US launches new initiative to support Afghanistan’s women

Afghan women’s protest in Islamabad, Pakistan, Thursday, August 19.

US Secretary of State Antony Blinken on Tuesday opened the Alliance for Afghan Women’s Economic Resilience, a partnership between the State Department and Boston University aimed at advancing Afghan women’s entrepreneurship and educational opportunities and expanding workplace opportunities, both in Afghanistan and elsewhere.

“Women, no matter where they live, should have equal rights in every facet of their lives,” Blinken said. “Equal opportunities to study, to work; equal access to financial resources; and they should enjoy the same freedoms as everyone else to travel, to express themselves, to choose their own paths.”

“This should be, in the year 2022, self-evident to everyone on this planet. But of course, it’s not, and we have to fight for it. We have to struggle for it every single day,” Blinken added.

Blinken said that Since taking power, the Taliban have severely restricted women’s rights in Afghanistan, turning back two decades of progress that Afghan women themselves built with the support of the international community.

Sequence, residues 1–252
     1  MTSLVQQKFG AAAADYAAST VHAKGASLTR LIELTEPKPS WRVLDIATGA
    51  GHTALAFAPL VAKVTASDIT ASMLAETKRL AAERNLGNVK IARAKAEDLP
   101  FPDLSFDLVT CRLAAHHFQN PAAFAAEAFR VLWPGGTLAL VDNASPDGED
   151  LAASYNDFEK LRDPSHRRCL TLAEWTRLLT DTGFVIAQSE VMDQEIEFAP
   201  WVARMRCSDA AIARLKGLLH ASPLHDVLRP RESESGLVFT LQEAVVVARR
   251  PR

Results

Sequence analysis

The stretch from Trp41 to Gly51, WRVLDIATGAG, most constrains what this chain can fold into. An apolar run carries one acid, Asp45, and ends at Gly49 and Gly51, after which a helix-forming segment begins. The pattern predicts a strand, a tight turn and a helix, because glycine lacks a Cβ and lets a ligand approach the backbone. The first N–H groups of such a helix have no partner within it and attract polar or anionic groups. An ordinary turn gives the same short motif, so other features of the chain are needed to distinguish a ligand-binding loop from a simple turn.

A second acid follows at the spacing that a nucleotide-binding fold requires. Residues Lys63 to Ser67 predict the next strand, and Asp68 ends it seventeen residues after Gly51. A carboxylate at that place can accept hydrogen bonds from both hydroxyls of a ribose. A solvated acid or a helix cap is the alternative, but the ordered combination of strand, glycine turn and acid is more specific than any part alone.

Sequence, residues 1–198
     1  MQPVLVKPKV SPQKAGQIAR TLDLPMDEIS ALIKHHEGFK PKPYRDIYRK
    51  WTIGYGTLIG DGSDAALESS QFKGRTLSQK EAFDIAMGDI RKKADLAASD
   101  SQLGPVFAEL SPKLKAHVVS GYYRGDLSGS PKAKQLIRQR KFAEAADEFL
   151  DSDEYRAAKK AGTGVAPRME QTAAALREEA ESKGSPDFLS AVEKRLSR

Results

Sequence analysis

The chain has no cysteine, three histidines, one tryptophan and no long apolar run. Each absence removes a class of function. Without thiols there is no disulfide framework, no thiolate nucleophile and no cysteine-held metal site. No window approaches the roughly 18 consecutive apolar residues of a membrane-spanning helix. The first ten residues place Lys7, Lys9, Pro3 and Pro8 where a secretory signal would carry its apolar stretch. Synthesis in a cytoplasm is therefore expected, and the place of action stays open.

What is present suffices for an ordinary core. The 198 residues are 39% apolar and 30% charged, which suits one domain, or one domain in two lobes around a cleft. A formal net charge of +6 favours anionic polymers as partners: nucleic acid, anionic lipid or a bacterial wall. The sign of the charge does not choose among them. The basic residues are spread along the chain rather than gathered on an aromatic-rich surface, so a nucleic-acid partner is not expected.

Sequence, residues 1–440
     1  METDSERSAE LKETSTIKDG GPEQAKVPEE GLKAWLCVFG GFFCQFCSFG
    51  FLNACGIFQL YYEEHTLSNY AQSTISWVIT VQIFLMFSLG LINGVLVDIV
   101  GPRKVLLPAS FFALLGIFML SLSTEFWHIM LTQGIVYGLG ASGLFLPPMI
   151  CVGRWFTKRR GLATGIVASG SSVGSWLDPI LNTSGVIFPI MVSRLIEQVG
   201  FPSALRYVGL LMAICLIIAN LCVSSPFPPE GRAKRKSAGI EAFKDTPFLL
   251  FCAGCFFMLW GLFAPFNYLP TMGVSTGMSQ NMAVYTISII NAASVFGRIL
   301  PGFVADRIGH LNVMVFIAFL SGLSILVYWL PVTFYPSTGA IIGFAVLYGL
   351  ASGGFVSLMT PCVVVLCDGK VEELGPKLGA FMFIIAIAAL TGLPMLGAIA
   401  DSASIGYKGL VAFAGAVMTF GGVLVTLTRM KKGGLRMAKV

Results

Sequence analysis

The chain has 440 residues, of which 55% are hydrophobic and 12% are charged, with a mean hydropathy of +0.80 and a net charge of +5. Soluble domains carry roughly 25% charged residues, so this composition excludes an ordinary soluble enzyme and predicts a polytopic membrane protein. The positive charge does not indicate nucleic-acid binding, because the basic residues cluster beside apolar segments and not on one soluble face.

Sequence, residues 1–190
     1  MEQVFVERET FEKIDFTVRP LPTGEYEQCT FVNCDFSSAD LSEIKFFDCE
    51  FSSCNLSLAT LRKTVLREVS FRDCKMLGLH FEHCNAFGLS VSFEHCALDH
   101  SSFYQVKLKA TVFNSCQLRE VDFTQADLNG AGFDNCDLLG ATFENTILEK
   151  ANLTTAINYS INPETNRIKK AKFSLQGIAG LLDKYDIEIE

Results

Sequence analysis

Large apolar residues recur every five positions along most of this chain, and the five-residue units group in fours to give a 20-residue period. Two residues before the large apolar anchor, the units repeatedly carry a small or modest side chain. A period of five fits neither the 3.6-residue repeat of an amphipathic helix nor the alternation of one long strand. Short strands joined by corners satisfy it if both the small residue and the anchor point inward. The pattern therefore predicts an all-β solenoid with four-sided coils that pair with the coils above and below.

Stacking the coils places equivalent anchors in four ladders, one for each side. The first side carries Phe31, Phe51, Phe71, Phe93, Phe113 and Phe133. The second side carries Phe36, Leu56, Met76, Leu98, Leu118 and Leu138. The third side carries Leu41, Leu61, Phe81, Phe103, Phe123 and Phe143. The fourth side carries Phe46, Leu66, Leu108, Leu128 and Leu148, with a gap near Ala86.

He added that women could contribute $1 billion to Afghanistan’s economy if they were simply allowed to.  They could provide lifelines for families facing poverty; they could help create more stable, more resilient communities at a time when those are desperately needed in Afghanistan.

“The Taliban have denied women freedom of movement. They’ve banned girls from secondary school classrooms. They’ve prohibited women in the workplace,” Blinken said.

Rina Amiri, US Special Envoy for Afghan Women, Girls and Human Rights, said the initiative would face a lot of challenges.

Instability, a lack of security and financial chaos will weigh on any attempts to support women’s re-entry into Afghan society, she said.

“What we want to show is that there’s resilience,” she added.